© 2019 - International Centre for Investigative Reporting
REPORT: Constant relaxation of lockdown puts Ogun residents at high risk of contracting Coronavirus
LAFENWA market in Abeokuta, the Ogun state capital is usually rowdy and noisy whenever the residents stormed the market to purchase food and other essential materials during the one day break of the lockdown.
Nigerian President, Muhammadu Buhari had ordered a total lockdown in Abuja, Lagos and Ogun States following an advice from the Nigeria Centre for Disease Control (NCDC) and the Federal Ministry of Health that a ‘total lockdown be placed on the two states and the FCT.
Following Buhari’s directive, Ogun State governor, Dapo Abiodun said the state would need five days to prepare for the lockdown, shifting the lockdown to Saturday, April 4th.
The governor declared further that the state would observe a constant relaxation of the lockdown to enable residents of the state shop for essentials most especially food materials.
But, the relaxation of the lockdown as directed by Abiodun could be exposing residents to a higher risk of contracting coronavirus, The ICIR has observed.
The ICIR reporter’s visit to places shows that the residents are exposed to getting infected with Coronavirus.
Residents are seen traversing the length and breadth of the market: shopping for goods, calling prospective customers, hawking goods and haggling prices.
Oblivious of the importance of the importance of social distancing, use of face masks and other preventive measures as advised by the NCDC, the market men and women and their customers go about their business without worry.
The ICIR interviewed Opelope Olubiyi who sells fufu opposite the Lafenwa market. She said the government should not have allowed the relaxation because they are being exposed to contracting the disease.
“They should have allowed us stay indoors for 14 days without relaxation, after the 14 days, we can now go out,” she said.
Speaking to another market woman, Suleiman Balikis, who sells food items in Lafenwa market, she also expressed concerns over the constant relaxation of the lockdown.
According to her, the government is toying with their lives. She said her husband did not want to allow her come to the market until she promised to keep distance from her customers.
“I dont allow people come close to me, I just stay inside my shop while they wait outside for me to pass their goods to them, anyone that cannot wait can go to another shop,” Balikis said.
When asked if the market is usually as full as this, Balikis said the market was only that full during new year, Christmas or Salah festivals.
The ICIR visited Lafenwa, Itoku, Panseke, Olomore and Omida markets in Abeokuta and the situation was not different. People were out enmass to either buy or sell without preventive measures.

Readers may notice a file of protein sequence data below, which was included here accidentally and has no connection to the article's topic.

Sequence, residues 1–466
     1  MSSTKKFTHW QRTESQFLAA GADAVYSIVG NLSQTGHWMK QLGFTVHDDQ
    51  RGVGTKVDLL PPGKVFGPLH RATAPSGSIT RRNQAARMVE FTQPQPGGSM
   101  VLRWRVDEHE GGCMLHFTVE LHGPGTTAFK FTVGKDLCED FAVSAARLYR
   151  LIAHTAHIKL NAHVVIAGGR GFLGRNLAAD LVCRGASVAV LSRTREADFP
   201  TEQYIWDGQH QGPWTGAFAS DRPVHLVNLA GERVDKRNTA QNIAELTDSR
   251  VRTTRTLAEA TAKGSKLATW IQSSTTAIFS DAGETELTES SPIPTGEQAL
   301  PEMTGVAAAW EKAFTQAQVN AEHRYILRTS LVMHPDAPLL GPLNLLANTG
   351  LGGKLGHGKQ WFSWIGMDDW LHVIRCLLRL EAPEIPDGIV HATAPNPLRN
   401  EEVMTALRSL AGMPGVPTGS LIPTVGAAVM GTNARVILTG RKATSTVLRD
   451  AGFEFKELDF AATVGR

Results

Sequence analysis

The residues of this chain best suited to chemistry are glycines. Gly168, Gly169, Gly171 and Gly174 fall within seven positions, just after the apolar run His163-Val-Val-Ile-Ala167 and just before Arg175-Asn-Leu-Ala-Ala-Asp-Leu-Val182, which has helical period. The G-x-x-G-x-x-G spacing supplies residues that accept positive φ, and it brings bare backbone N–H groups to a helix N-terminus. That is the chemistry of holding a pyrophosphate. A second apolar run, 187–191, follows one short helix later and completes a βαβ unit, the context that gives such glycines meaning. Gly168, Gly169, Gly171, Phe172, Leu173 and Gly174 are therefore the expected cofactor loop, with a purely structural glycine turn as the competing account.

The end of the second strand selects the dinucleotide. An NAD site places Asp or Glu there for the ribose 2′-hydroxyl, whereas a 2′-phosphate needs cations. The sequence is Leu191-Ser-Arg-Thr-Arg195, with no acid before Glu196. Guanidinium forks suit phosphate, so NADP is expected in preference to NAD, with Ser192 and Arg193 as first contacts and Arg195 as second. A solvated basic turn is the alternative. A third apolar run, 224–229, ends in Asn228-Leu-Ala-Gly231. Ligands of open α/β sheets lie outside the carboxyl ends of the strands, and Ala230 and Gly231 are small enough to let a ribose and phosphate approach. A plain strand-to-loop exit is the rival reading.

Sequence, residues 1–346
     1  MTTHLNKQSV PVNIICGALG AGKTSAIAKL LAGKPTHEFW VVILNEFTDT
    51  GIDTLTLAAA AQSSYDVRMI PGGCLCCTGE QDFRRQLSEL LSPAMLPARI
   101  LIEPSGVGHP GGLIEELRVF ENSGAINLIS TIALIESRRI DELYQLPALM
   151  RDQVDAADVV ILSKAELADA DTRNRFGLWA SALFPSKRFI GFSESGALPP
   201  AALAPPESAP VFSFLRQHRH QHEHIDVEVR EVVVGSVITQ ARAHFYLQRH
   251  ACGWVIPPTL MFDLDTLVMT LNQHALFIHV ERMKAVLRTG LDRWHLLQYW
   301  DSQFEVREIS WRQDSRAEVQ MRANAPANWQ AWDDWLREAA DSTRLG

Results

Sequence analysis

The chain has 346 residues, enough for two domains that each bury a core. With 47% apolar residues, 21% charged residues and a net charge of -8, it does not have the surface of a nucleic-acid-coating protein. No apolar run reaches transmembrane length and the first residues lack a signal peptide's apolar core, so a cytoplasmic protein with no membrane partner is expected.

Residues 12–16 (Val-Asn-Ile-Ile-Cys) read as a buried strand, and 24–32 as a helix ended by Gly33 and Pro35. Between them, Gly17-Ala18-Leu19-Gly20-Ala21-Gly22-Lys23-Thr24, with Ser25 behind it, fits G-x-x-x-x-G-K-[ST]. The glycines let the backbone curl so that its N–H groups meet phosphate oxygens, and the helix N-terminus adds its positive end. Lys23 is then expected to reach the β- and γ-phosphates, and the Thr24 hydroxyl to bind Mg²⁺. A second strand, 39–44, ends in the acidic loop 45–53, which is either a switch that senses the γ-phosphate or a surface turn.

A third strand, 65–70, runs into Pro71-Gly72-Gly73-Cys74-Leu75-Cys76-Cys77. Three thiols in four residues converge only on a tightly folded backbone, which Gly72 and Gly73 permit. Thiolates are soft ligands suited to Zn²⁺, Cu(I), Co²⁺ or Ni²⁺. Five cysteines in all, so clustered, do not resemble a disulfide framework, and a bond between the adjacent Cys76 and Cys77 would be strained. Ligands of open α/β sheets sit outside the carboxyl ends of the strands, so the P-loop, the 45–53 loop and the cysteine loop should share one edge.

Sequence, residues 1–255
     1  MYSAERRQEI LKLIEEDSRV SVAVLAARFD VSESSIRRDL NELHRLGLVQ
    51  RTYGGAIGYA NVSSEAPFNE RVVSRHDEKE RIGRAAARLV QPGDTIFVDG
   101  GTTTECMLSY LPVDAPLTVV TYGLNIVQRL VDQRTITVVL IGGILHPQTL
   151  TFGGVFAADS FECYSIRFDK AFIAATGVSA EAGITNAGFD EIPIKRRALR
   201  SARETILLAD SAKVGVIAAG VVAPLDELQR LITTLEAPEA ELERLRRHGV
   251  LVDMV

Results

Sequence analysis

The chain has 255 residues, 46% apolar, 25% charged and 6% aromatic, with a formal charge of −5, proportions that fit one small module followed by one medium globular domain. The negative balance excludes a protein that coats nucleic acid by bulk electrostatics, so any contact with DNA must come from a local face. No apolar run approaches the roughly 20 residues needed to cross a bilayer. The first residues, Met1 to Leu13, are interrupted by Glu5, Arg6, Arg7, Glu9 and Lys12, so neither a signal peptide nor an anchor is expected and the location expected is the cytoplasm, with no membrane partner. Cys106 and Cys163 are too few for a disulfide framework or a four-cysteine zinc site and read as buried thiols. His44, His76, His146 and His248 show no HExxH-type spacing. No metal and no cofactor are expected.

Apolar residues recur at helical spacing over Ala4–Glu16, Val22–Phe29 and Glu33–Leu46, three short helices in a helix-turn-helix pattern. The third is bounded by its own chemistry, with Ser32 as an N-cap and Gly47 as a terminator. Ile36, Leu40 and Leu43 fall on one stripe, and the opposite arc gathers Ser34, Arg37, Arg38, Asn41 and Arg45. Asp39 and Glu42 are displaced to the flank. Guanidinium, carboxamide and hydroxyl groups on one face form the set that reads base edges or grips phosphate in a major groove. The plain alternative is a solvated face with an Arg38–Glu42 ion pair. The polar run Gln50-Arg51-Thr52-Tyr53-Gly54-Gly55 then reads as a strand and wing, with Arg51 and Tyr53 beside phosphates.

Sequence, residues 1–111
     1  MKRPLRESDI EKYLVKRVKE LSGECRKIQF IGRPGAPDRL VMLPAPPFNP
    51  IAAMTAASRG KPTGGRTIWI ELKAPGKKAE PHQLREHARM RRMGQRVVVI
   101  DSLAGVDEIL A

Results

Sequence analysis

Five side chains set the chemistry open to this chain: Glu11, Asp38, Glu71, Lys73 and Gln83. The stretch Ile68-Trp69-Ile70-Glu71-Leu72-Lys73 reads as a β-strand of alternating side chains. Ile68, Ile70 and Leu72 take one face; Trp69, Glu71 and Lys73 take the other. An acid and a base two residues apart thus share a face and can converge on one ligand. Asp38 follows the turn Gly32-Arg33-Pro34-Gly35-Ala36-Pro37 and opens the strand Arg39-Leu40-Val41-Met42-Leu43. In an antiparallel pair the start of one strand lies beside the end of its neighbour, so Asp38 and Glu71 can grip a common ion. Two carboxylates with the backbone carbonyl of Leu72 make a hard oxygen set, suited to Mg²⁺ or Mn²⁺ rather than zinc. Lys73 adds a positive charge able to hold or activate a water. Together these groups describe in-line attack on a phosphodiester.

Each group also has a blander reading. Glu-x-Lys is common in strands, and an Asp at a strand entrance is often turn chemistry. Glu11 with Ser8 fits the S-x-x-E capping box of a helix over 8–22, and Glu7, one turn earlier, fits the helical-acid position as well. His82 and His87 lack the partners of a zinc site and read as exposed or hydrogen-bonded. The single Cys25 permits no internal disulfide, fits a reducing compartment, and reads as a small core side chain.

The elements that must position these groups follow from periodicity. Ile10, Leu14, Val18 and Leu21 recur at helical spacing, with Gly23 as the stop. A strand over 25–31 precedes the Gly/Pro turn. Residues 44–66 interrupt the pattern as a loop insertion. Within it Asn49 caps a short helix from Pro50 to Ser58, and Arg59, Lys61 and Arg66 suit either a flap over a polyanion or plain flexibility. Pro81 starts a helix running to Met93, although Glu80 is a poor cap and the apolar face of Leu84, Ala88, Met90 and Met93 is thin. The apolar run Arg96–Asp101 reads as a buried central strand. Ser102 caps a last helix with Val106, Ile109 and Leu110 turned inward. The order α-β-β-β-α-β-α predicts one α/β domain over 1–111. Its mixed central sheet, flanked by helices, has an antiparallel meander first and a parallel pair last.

Similarly, ATM stalls visited by The ICIR reporter also showed defiance to social distancing and other use of protective measures as many people were seen on queue to use the machine, standing close to each other while trying not to spend more than the stipulated seven hours as approved by the state government.
Supermaket and grocery stores in the city also had people on queue trying to shop for essentials during their seven hours free movement.
Unlike the market women, Emmanuel Fasasi, father of four children and a Motorcycle (Okada) rider, said he is pleased with the relaxation.
He said it is an avenue for the residents of the state to quickly do what they cannot do during the lockdown.
“Bros, you see for me, I am happy, i am an Okada rider, I have no other job, if I sit at home for 14 days do you think my children won’t die of hunger,” he questioned The ICIR reporter.
He said with the seven hours break, he has time to earn and give money to his wife to cook and keep the rest of the money for emergency purpose.
“During that time, I earn as much as N1500, I give Mama Dayo N1000 to cook soup and I keep the remaining N500 for emergency, you know how children can be sometimes,” he added.
When asked if he has benefitted from the relief package by the state government, Fasasi said, to him, ‘that is a radio package’.
“Some might be benefiting from it but for me, my family and people of Ago-Oko, I can tell you that we only hear it on radio,” he added.
Akinmosu Adedayo, (not real name) a sociology lecturer in Moshood Abiola Polytechnic, Abeokuta said the relaxation is “a policy of ignorance”.
According to Adedayo, the government does not have good knowledge of the disease hence the constant relaxation.
“How can you keep people at home for a day and half, later gather them together in hundreds and then tell them to go back home and say you are preventing coronavirus,” he questioned.
” I wonder the type of government we have in the country, you leave them to roam about for that long but you placed a ban on Mosques and churches that does short service for their congregations,” he added.
The lecturer faulted the directive and advised the state governor to rethink and do the right thing before there is a large outbreak of the disease in the state.
Abeokuta residents again gather today to exercise the relaxation of lockdown.